As a business owner, we have a constant requirement for staff. What is amazing is how everyone wants to work in a studio, but so few people actually think of getting qualifications. The sad truth is that the UK is a nation that is getting fatter by the day, as we'd rather pay someone else to walk around the corner for us to get our ready made takeaway dinners. I had a beer with a mate a couple of weeks ago, who works in IT at home. He told me that the drink was the first time he'd left the house for a fortnight, he'd had all of his meals via deliveroo etc. I was quite shocked and realised he'd put on weight and developed an unhealthy colour since our last drink six months ago. In many ways, delivering fast food is the perfect job for the UK in 2023. No skill required and no job security. It amazes me to see people ranting about train drivers being paid decent wages to do a skilled job that requires a lengthy apprenticeship and constant retraining.
Perhaps the oddest thing about the UK labour market is the law forbidding asylum seekers from working. This means that they have to sit around being a drain on the tax paying public, whilst vegetating. Personally, I'd rather that anyone who was able bodied and seeking asylum had to pay their way. It can take years for asylum seekers to have their cases determined and work would keep them healthy and add to the economy. The reason that we have such a backloig is, rather ironically a lack of workers to process applications.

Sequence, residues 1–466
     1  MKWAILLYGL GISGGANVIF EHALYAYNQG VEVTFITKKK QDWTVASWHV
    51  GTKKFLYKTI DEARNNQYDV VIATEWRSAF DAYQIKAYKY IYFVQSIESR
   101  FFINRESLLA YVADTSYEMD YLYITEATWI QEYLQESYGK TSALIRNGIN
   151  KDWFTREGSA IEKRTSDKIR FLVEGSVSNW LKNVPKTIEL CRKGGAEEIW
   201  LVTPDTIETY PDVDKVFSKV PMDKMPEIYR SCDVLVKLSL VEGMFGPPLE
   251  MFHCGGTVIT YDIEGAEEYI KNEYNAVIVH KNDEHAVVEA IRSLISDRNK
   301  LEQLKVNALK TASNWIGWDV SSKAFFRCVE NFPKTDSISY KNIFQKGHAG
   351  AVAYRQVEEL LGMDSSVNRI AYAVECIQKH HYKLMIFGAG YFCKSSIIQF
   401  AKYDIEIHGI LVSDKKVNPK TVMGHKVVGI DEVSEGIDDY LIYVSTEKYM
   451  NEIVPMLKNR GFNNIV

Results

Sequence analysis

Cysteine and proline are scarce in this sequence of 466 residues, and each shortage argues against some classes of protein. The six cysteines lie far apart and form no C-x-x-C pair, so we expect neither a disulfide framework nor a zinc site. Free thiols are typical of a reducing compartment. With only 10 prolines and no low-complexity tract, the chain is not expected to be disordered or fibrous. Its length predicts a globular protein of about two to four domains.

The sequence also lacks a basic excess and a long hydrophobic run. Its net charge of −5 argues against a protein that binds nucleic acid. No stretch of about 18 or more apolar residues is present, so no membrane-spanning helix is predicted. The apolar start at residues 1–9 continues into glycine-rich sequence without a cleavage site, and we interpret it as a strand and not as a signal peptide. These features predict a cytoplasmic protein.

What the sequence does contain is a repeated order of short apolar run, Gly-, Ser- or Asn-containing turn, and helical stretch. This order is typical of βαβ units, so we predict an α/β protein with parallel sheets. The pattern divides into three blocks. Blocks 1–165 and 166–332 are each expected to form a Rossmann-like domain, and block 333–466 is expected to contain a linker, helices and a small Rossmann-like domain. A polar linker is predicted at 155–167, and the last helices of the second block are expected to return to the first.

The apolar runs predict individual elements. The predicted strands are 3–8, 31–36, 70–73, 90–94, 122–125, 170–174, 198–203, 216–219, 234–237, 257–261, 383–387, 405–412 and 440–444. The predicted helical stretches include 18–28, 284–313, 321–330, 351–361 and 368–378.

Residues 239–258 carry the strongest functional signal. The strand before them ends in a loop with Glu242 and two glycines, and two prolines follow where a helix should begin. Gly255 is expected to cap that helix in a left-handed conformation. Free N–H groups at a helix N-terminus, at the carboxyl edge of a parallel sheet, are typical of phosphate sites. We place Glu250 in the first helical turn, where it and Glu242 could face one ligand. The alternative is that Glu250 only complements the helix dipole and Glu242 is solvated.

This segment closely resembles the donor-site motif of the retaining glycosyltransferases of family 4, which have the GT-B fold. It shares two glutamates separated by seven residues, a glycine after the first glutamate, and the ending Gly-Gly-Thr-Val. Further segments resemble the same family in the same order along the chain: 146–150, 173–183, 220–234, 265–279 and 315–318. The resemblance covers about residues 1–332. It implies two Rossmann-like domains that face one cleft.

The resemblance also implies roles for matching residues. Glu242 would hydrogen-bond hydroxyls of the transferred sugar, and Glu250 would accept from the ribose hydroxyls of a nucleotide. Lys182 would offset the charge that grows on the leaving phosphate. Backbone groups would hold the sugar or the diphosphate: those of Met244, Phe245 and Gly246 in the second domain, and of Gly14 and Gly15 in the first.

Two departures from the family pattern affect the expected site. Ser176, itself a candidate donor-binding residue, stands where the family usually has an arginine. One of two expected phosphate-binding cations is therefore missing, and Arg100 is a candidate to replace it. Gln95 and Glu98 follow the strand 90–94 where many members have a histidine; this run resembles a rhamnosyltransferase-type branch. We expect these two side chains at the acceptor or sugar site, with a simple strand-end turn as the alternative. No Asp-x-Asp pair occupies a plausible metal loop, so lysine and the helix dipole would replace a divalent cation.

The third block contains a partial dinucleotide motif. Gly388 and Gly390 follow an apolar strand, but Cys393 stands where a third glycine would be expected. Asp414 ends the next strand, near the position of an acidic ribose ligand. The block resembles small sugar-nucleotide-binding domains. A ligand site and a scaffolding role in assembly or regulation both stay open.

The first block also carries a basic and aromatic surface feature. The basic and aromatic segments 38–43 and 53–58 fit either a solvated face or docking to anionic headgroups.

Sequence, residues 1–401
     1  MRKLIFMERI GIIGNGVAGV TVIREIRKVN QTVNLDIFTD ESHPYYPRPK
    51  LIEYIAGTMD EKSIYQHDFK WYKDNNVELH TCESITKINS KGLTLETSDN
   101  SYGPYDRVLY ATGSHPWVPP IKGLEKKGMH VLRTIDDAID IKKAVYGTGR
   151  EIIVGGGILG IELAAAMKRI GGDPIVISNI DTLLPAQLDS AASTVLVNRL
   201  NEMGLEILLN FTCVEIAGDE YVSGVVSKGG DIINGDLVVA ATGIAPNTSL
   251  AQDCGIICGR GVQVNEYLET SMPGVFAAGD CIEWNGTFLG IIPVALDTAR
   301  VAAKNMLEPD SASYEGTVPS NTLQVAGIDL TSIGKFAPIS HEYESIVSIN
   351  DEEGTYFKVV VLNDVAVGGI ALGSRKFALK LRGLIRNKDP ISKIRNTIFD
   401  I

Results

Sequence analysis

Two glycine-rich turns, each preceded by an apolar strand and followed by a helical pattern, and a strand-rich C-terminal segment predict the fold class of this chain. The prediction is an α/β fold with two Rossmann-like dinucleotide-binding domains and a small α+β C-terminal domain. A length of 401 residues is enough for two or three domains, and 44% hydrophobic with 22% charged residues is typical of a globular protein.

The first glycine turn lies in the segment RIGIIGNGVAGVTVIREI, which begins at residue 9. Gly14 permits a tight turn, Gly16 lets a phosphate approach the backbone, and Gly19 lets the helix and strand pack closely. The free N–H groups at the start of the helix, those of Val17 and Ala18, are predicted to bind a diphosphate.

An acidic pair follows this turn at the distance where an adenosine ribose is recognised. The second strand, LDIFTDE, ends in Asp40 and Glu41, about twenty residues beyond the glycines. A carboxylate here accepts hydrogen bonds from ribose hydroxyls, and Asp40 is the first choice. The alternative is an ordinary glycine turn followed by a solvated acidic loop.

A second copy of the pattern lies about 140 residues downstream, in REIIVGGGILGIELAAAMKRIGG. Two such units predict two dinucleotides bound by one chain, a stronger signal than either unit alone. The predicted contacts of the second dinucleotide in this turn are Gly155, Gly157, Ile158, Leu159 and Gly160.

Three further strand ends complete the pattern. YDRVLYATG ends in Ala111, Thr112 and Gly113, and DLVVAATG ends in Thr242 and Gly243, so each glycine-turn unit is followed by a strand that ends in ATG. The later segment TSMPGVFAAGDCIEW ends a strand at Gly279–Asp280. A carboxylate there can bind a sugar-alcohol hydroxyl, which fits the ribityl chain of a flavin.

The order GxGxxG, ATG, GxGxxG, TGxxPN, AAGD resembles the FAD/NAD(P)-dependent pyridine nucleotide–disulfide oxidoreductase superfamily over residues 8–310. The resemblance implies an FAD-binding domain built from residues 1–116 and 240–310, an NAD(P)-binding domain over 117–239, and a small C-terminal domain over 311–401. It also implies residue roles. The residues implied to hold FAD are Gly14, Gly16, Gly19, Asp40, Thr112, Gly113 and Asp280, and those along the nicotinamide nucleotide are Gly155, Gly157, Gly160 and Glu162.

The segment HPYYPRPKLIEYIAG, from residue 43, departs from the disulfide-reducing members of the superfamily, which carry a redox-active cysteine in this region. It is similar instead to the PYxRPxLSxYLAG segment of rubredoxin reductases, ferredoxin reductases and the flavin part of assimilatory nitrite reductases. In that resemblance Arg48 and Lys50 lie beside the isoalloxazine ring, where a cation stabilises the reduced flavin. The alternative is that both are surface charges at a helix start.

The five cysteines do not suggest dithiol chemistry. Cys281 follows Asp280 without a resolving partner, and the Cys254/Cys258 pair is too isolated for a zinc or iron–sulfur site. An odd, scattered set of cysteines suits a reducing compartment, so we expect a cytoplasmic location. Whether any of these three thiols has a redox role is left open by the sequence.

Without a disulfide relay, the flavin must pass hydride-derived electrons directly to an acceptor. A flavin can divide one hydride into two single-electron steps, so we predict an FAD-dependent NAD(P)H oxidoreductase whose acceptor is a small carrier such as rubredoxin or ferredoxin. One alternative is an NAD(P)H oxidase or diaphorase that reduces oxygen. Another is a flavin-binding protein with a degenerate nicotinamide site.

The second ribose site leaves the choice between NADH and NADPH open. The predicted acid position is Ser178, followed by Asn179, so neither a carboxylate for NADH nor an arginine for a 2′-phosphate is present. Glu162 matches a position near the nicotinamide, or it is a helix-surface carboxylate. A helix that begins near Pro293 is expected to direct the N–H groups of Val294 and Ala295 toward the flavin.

What the UK needs is a plan to address all of this. We need an economy that is built on productivity, education and hard work. We should want able bodied people seeking asylum to know that if they come to the UK, they will have to work hard and will not be automatically entitled to never ending benefits. I personally would fast track those who contribute needed skills to the country through the system.
The sad truth is that thirteen years of Conservative government has caused a huge imbalance in the UK labour market, that has lead to bad productivity, a semi collapse of many industries and a vulnerability to inflationary pressures. I read Sir Keir Starmers proposals for a reboot of the EU economy. I see nothing concrete. Until we have a proper plan, we will not move forward. When Brexit was first promoted, the one benefit I thought we may have would be a move towards better productivity and more labour efficiency. Sadly there was no plan, so we simply cut off the supply of cheap labour and watched the economy start to collapse. It is really quite ridiculous.